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Comprehensible Disorders

David Craig, 3 September 1987

Before the oil ran out: Britain 1977-86 
by Ian Jack.
Secker, 271 pp., £9.95, June 1987, 0 436 22020 2
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In a Distant Isle: The Orkney Background of Edwin Muir 
by George Marshall.
Scottish Academic Press, 184 pp., £12.50, May 1987, 0 7073 0469 5
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... The item which seems set to stay longest with me from Ian Jack’s alert and precisely-written record of British life in the Seventies and Eighties comes from the opening memoir of his father, which supplies a deeper soil, or subsoil, to the son’s coverage of more recent matters for the Sunday Times and (since Wapping) the Observer: Few of his workplaces survive ...

Slices of Toast

Ruth Padel, 8 March 2007

... for Ian Jack Lying in bed in the dark without heating. December 3rd and feeling warm, almost too warm, I hear the window give that rattle-burp it only ever does when the wind is fierce outside. Black raindrops flame on the glass. Light from across the back gardens, one lone yellow oblong, someone up early on a winter morning ...

Short Cuts

Thomas Jones: Nephews and Daughters, 23 January 2003

... programme tried to get a dispute going between Philip Hensher (37), one of the chosen writers, and Ian Jack (57), the editor of Granta and chair of the judges, after Hensher said he thought it was silly and arbitrary that novelists had to be under 40 to be considered, and that it should be more important that they’re new than that they’re young. ...


Blake Morrison: On the Independent on Sunday , 27 May 1993

... what had possessed me to move. The last books pages I’d worked on at the Observer lay beside me (Ian Hamilton and Ted Hughes on the life of Sylvia Plath, Alison Lurie’s obituary of Mary McCarthy, Salman Rushdie on Graham Greene, Claire Tomalin on Coleridge, Anthony Burgess on Fielding, other reviews by Anita Brookner, Peter Conrad, Roy Foster and Hilary ...

Yeats and the Occult

Seamus Deane, 18 October 1984

The Mystery Religion of W.B. Yeats 
by Graham Hough.
Harvester, 129 pp., £15.95, May 1984, 0 7108 0603 5
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Yeats, Eliot, Pound and the Politics of Poetry 
by Cairns Craig.
Croom Helm, 323 pp., £14.95, January 1982, 9780856649974
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Yeats. Poems 1919-1935: A Selection of Critical Essays 
edited by Elizabeth Cullingford.
Macmillan, 238 pp., £14, July 1984, 0 333 27422 9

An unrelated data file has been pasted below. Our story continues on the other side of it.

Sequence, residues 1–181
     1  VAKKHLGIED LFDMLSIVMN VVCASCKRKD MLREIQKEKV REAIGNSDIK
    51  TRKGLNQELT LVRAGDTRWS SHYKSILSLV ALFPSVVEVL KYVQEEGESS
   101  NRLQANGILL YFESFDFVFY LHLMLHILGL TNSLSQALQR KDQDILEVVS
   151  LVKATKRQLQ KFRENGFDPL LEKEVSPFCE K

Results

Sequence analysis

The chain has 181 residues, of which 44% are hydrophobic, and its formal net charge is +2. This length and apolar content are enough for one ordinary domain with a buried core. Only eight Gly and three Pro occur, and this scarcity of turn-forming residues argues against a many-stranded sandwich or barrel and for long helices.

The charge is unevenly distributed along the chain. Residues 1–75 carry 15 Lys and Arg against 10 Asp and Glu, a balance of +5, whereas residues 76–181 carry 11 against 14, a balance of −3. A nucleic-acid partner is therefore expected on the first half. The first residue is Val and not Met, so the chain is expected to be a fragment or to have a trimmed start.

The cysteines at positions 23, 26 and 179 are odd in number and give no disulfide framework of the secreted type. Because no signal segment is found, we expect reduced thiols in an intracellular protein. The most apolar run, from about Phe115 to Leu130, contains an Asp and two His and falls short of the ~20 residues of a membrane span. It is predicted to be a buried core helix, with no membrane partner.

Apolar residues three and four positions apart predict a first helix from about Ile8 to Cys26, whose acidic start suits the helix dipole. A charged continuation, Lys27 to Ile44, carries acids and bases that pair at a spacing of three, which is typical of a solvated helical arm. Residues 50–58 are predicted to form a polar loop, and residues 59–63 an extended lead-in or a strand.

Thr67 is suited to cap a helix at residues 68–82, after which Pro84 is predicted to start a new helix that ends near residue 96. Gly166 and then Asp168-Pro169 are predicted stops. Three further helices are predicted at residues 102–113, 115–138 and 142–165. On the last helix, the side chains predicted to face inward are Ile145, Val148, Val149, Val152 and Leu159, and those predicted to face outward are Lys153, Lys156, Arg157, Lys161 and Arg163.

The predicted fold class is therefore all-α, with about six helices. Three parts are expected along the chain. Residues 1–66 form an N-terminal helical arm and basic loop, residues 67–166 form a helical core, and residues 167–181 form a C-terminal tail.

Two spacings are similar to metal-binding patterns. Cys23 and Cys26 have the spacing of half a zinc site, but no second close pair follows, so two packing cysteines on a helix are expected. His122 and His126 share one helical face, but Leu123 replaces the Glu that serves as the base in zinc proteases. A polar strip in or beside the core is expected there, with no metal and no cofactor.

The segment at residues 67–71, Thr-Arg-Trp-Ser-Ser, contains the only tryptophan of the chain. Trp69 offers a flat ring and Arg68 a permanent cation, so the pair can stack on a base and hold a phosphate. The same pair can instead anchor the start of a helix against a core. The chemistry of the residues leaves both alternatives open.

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The Poet and his Audience 
by Ian Jack.
Cambridge, 198 pp., £20, July 1984, 0 521 26034 5
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A New Commentary on the Poems of W.B. Yeats 
by A. Norman Jeffares.
Macmillan, 543 pp., £35, May 1984, 0 333 35214 9
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Poems of W.B. Yeats 
by A. Norman Jeffares.
Macmillan, 428 pp., £17, August 1984, 0 333 36213 6
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... a public that learned to be more enchanted by his insolence than pleased by his ingratiation. Ian Jack, in the last chapter of his book The Poet and his Audience, shows in detail the remarkable symbiosis between Yeats’s conquest of his audience and his conquest of himself. Of all the poets he surveys – Dryden, Pope, Byron, Shelley and Tennyson ...

Short Cuts

Thomas Jones: Hatchet Jobs, 11 September 2003

... who is sometimes prepared to find fault (assuming this is done with a modicum of intelligence). Ian Jack, the editor of Granta, writing in the Guardian last year, came up with the following paradox: ‘Nobody who has struggled in front of a screen or paper for three years deserves a pasting written in half a day by a 23-year-old, though the pasting ...

Forget the Klingons

James Hamilton-Paterson: Is there anybody out there?, 6 March 2003

Evolving the Alien: The Science of Extraterrestrial Life 
by Jack Cohen and Ian Stewart.
Ebury, 369 pp., £17.99, September 2002, 0 09 187927 2
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XTL: Extraterrestrial Life and How to Find It 
by Simon Goodwin and John Gribbin.
Weidenfeld, 191 pp., £12.99, August 2002, 1 84188 193 7
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... They are combative on this point, and so united that they frequently refer to themselves as ‘Jack&Ian’. To this winsome dyad the notion of astrobiology is limiting in that it stands for astronomy as seen from Earth plus Earth-style biology, so that its thinking is governed by anthropic concerns such as the search for ...


Sean French: Fortress Wapping, 6 March 1986